Pang said that many of his clients made a beeline for the chatbot when they were haunted by negative thoughts or things they'd prefer to forget, to validate their own suspicions. "AI is very knowledgeable, but it encourages 'forced attribution' among my clients, which is color-tinted, misleading and unhealthy," he observed. "There was a client who suspected her husband was having love affairs. She asked chatbots about traits of romance infidelity, drew a parallel between the list of characters described by AI and her husband's behaviors, and found them to be pretty much compatible."

But, Pang continued, "We deployed a private investigator and eventually proved her husband was innocent."

The confirmation bias fed by AI's roughly generated results could throw a troubled person into a vicious downward spiral, if he or she is fixated on seeking an echo chamber on AI, and is reluctant to seek professional help. "She still insisted her husband ticked many boxes of the abhorrent behaviors listed by AI," bemoaned Pang.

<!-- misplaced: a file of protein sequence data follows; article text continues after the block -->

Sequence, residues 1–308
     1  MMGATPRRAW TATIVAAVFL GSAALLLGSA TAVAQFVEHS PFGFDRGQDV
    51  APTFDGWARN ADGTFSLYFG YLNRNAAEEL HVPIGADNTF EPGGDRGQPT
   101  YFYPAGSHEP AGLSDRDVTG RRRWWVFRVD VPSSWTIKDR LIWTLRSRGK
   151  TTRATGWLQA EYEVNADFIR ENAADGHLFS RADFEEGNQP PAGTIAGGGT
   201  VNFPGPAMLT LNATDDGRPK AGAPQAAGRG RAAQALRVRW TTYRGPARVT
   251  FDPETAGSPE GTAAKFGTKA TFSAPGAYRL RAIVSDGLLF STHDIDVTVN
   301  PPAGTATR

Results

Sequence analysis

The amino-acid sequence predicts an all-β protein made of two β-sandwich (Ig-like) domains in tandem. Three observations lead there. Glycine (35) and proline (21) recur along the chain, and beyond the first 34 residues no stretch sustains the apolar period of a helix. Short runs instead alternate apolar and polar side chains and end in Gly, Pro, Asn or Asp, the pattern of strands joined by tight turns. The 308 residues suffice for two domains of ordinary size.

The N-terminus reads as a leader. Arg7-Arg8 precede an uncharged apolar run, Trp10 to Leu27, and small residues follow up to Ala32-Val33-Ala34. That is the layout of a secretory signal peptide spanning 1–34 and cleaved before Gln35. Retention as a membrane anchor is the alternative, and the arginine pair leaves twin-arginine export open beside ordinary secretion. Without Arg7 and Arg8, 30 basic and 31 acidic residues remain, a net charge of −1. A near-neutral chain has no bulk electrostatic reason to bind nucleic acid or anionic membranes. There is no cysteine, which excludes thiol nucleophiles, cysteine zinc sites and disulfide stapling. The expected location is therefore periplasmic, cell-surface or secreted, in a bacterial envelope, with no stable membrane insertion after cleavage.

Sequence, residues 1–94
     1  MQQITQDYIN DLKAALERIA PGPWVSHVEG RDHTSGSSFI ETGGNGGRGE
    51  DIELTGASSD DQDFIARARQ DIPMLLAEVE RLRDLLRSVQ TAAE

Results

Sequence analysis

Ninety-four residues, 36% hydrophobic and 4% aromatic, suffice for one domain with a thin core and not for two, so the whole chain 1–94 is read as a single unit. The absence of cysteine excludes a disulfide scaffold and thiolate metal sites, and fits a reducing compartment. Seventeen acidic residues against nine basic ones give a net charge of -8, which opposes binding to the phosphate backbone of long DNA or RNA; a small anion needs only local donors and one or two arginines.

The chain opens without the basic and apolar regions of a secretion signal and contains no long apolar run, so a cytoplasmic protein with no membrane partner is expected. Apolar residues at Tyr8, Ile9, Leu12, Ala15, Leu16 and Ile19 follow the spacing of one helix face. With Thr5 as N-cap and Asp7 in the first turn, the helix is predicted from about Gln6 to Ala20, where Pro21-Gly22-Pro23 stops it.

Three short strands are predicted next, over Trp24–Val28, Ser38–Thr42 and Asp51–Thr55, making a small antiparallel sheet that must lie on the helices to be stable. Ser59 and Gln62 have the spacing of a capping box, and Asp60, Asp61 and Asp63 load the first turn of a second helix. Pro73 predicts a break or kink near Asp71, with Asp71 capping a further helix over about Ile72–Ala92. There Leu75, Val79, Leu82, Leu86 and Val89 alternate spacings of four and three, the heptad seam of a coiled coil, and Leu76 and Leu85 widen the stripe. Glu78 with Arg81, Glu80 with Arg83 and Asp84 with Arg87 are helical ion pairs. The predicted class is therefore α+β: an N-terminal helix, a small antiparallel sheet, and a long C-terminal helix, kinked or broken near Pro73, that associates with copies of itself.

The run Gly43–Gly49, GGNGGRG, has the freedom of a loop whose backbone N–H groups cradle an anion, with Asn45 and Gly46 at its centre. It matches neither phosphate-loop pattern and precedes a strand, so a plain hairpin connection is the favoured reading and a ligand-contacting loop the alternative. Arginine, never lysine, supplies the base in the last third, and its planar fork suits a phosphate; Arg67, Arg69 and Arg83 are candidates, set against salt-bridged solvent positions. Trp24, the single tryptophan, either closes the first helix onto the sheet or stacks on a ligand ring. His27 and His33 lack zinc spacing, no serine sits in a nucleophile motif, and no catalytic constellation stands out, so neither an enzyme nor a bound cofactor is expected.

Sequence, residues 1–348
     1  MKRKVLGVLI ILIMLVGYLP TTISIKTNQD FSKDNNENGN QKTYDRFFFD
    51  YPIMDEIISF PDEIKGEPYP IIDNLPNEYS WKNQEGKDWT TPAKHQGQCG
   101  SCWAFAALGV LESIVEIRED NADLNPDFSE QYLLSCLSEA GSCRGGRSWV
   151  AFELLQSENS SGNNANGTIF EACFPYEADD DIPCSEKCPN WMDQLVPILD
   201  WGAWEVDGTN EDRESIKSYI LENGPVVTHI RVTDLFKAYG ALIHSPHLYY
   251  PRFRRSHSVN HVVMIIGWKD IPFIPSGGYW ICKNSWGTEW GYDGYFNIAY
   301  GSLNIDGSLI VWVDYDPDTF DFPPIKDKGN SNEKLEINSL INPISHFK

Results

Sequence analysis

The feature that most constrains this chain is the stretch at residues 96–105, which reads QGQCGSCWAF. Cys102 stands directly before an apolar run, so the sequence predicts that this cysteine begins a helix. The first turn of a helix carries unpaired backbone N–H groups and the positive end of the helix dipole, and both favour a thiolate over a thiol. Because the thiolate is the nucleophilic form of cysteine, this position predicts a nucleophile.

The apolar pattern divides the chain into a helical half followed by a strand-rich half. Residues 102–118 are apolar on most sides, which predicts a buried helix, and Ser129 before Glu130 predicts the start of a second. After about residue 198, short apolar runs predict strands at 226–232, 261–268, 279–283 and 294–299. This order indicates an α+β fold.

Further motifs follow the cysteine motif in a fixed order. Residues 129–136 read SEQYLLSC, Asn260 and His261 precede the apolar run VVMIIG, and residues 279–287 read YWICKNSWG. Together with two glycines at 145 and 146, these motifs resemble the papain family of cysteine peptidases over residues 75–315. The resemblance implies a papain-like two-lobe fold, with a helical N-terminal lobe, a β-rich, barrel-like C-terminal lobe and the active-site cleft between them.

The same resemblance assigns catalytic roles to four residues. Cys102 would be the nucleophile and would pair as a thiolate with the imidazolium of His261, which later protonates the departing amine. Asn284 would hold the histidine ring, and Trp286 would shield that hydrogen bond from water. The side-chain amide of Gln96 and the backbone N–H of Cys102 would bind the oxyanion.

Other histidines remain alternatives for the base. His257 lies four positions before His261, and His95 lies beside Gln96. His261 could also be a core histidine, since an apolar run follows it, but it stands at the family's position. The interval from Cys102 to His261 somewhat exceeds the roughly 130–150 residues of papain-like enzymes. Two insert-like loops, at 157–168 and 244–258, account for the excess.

If a person refuses to listen to constructive advice, he or she is unlikely to act. Working out how to steer a troubled individual into following a wholesome path, where the person is intuitively and emotionally involved, can only be done by humans, said Pang.

"When I notice them relenting somewhat, softening their voice or pausing, that's the moment (they become disarmed and are willing to show vulnerability). I would swing into action (pointing out that their thoughts are skewed, and encourage them to reflect otherwise)," he explained.

Nature vs nurture

Obviously, mental health practitioners should be saved from obliteration by AI. Other typically "people-y jobs", where a human touch and independent thinking are an integral element for high-flying performance, should also be spared obsolescence, such as medical professionals, teachers, sales representatives, legal practitioners, urban planners and creatives. These are among the jobs considered irreplaceable by Unnanu, a technology platform.

"Working with people" and "problem solving" are among the top types of skills listed by the World Economic Forum.